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1. Ginstitute, Notting Hill

Gin lovers can bunk in one of the three guestrooms at The Distillery, Notting Hill’s very own “gin hotel”. In addition to two restaurants, a bar and a gin museum, the grey-washed hotel on Portobello Road also houses Ginstitute, a gin distillery, in its basement. Ginstitute lives up to its name – the three-hour gin-making lessons are tailored for serious drinkers. It starts with an in-depth history lesson of the spirit before honing the olfactory senses by sniffing various botanicals and learning how they impact gin flavour. The result? Going home with your own blend of gin.

2. Sipsmith, Chiswick

Despite its cute-sounding name – Sipsmith refers to how gin should be daintily sipped – this West London distillery is a huge contender in the gin-making business. In 2009, Sipsmith became the first copper-still distillery to open in London in almost 200 years, bringing back the practice of small-batch distilling. People come for the tours which range from a tasting session to a decadent three-course supper. Either way, they’ll meet Prudence, Patience and Constance, the three copper stills where their gin is distilled on.

3. City of London Distillery, Fleet Street

This is another small-batch gin distillery to make history. When it launched inside a cocktail bar on Bride Lane in 2012, the City of London Distillery became the first gin distillery to open in the City of London after nearly 200 years. Pretend like it’s the early 1800s and order their classic London Dry Gin, a mix of juniper, angelica, liquorice and coriander topped with pink grapefruit – it’s dry, zesty and true to its London roots. Should you fancy more, book a two-hour Gin Lab experience and design and bottle your own gin.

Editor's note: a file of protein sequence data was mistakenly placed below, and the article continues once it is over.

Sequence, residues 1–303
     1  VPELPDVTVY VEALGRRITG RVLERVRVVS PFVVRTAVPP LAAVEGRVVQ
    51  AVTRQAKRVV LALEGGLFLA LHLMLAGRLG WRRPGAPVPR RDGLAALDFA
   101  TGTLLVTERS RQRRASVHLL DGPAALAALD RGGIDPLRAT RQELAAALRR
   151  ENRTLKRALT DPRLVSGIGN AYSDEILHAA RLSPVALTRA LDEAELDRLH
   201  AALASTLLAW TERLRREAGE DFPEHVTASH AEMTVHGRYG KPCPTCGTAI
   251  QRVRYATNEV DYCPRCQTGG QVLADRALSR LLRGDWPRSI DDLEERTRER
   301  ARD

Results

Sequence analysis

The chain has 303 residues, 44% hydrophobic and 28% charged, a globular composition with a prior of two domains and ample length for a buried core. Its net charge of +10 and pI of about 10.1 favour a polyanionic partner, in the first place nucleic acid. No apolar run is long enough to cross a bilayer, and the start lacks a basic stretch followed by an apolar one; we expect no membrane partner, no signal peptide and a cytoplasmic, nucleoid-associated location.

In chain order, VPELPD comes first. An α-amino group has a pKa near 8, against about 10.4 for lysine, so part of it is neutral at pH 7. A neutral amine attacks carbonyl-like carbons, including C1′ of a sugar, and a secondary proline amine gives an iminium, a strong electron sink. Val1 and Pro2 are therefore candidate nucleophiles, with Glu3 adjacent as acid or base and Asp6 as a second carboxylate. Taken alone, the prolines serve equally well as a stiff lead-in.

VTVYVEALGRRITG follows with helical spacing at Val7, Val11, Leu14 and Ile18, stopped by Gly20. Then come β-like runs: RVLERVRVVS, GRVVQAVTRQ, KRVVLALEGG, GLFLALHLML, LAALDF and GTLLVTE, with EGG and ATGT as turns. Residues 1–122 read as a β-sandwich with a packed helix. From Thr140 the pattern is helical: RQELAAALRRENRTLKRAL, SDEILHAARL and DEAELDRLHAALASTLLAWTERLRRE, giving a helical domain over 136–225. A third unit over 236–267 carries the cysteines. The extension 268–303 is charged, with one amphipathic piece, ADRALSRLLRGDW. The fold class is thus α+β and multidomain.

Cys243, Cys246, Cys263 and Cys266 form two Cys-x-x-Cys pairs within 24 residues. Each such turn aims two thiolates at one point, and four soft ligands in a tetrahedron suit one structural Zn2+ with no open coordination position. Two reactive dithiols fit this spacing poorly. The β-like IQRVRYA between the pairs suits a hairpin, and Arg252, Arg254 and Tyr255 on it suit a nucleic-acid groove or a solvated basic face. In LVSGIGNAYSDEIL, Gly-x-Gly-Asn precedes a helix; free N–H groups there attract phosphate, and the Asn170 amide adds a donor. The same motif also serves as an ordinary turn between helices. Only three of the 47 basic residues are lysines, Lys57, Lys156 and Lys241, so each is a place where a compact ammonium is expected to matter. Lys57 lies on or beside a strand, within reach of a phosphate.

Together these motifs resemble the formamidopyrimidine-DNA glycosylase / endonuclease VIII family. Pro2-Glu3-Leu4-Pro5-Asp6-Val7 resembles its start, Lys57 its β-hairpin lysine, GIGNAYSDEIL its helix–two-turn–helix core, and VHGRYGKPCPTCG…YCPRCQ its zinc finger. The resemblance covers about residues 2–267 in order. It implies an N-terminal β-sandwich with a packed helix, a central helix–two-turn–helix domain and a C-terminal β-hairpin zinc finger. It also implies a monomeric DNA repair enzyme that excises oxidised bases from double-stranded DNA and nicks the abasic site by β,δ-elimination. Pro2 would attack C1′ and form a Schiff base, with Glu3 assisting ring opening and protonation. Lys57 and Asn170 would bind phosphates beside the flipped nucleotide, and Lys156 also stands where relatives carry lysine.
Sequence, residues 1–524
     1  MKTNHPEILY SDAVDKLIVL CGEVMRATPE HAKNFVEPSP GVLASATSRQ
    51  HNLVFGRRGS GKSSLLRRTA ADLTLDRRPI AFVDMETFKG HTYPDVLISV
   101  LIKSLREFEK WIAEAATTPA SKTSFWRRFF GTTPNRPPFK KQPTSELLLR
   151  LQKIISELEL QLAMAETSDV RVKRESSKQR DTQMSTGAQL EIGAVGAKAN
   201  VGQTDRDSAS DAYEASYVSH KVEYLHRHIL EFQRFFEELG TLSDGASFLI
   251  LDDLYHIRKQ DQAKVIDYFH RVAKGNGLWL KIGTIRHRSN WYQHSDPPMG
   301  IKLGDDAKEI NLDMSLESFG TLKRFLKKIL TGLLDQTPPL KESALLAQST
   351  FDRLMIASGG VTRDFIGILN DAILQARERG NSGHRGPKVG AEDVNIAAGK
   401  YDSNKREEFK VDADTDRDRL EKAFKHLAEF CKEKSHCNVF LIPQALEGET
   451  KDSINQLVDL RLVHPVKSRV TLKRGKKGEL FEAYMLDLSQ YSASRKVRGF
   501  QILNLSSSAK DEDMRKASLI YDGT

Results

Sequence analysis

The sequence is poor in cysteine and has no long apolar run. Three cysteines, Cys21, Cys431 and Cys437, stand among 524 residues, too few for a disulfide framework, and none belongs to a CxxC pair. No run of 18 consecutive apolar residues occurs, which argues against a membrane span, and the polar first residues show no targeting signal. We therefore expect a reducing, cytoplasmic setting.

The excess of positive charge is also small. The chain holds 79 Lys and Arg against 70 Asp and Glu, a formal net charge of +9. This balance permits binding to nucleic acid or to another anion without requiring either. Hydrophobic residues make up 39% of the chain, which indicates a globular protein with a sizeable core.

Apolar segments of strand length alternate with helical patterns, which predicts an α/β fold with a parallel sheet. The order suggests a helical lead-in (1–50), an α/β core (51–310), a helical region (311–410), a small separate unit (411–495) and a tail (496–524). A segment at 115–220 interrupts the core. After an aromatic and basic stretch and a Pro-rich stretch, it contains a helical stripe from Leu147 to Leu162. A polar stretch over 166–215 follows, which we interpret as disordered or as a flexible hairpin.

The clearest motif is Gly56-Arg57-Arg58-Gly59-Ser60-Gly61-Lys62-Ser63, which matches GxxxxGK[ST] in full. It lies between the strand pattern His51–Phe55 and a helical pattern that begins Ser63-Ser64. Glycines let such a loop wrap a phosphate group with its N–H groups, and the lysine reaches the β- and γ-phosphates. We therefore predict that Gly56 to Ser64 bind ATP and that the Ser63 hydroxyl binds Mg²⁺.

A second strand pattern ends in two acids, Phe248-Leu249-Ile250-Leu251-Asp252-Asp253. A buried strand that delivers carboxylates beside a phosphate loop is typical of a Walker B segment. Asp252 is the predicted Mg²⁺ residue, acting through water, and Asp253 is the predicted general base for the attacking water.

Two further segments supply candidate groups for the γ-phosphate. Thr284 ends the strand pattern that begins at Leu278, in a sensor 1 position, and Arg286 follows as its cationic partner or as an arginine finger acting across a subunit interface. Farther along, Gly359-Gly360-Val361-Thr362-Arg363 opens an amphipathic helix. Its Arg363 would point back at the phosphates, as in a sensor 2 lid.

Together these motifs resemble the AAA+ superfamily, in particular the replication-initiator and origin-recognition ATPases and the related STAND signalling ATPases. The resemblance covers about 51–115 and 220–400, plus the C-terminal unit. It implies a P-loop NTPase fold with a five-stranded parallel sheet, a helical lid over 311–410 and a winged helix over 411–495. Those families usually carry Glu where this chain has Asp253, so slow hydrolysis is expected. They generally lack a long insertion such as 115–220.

4. Little Bird Gin, Peckham

This Peckham Rye distillery, opened in 2013, works with an eighth-generation gin distiller so their London Dry Gin is as authentic as it gets. Little Bird Gin’s bottles are easily recognisable by its 1940s pin-up girl sticker, adoringly called Ms. Ginger, but don’t be fooled by the redhead’s smile – though citrusy, when drunk straight, their gin is a kicker. The distillery also makes killer gin-based cocktails, or you might want to bring a bottle home for some DIY cocktail-making.

5. Jensen Gin Distillery, Bermondsey

Once a centre for trade in the mid-19th-century, Bermondsey’s warehouses are now filled with restaurants and bars, including Jensen Gin Distillery. Christian Jensen has been distilling gin since 2004 but it wasn’t until 2014 that he opened the distillery serving up gins made only from botanicals that were widely used in the 19th century. Try the earthy Jensen’s Old Tom Gin, which uses a recipe taken straight from a distiller’s book from the 1840s. The bottles are sleek and transparent, very much James Bond-esque.

6. The Nicholas Culpeper, Gatwick Airport

This gin distillery in Gatwick Airport North Terminal take the concept of the airport bar to a whole other level. Opened in 2016, the Nicholas Culpeper is the world’s first airport gin distillery and with burgundy booths, patterned floor tiles and a high ceiling, it puts a cheery spin on the classic British pub. Their drinks are stocked with much more botanicals than a classic gin and range from lemongrass to cardamom, all of which pair well with a steak or fish.

7. The London Distillery Company, Battersea

This boutique distillery is located in a former Victorian-era dairy cold room of a building that also houses a boxing gym, a bar and a gallery. The London Distillery Company collaborates with the Royal Botanical Gardens, Kew, to make blends such as the Kew Organic London Dry, a mix of seasonal foraged flora and spices and the Kew Organic Gin – Explorers’ Strength, a stronger version of the former. Book a tour of the distillery, which starts with a welcome cocktail and ends with concocting your own gin recipe.

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Tagged: City, Culture, Food & Drink, London

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